Aletheia (Heraclitus, Fragment B 16)

Our first impulse is to think of a human person, especially since the question is posed by a mortal and addressed to human beings. But because a thinker is speaking here, particularly that thinker who abides near Apollo and Artemis, his speaking could be a dialogue with those who cast their gaze on things, and could co-signify in τίς, "anyone," the gods. We are strengthened in this surmise by Fragment 30, which says, οὔτε τις θεῶν οὔτε ἀνθρώπων. Similarly, Fragment 53, often cited, but incompletely for the most part, mentions mortals and immortals together when it says πόλεμος, the setting-apart-from-each-other (the lighting), manifests some of those present as gods, others as men, and brings some forward into appearance as slaves and others as free. This says: the enduring lighting lets gods and men come to presence in unconcealment in such a way that none of them could remain concealed; not because he is observed by someone, but because—and only because—each comes to presence. The presenting of gods, however, is other than that of men. As δαίμονες, θεάοντες, the gods are those who look into the lighting of what is present, which concerns mortals after their own fashion, as they let what is present lie before them in its presence and as they continue to take heed of it.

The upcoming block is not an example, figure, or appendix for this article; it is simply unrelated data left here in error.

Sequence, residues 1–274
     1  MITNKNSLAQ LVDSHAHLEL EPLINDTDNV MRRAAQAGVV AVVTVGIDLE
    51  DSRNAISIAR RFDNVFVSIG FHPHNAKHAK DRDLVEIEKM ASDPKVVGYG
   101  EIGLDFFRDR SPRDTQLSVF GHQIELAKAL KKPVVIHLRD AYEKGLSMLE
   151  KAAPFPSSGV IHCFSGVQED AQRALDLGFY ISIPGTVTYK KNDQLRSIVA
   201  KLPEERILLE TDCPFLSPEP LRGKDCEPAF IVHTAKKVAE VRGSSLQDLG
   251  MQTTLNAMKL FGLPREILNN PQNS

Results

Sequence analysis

The lighting, therefore, is no mere brightening and lightening. Because presenting means to come enduringly forward from concealment to unconcealment, the revealing-concealing lighting is concerned with the presenting of what is present. Fragment 16, however, does not speak of just any and every something, τί, which could come to presence, but unequivocally and only of τίς, someone among gods and men. Thus the fragment seems to name only a limited range of what is present. Or, rather than limit us to a particular realm of what is present, does the fragment perhaps contain something exceptional which shatters limits and concerns the realm of all realms? Is its exceptional character such that the fragment seeks to know what tacitly collects and embraces also those present beings which are not to be counted as among the regions of gods and men, but which are nevertheless human and divine in another sense—present beings such as plants and animals, mountains, seas, and stars?

But in what else could the exceptional character of gods and men consist, if not in the fact that precisely they in their relation to the lighting can never remain concealed?


Early Greek Thinking

GA 7 p. 284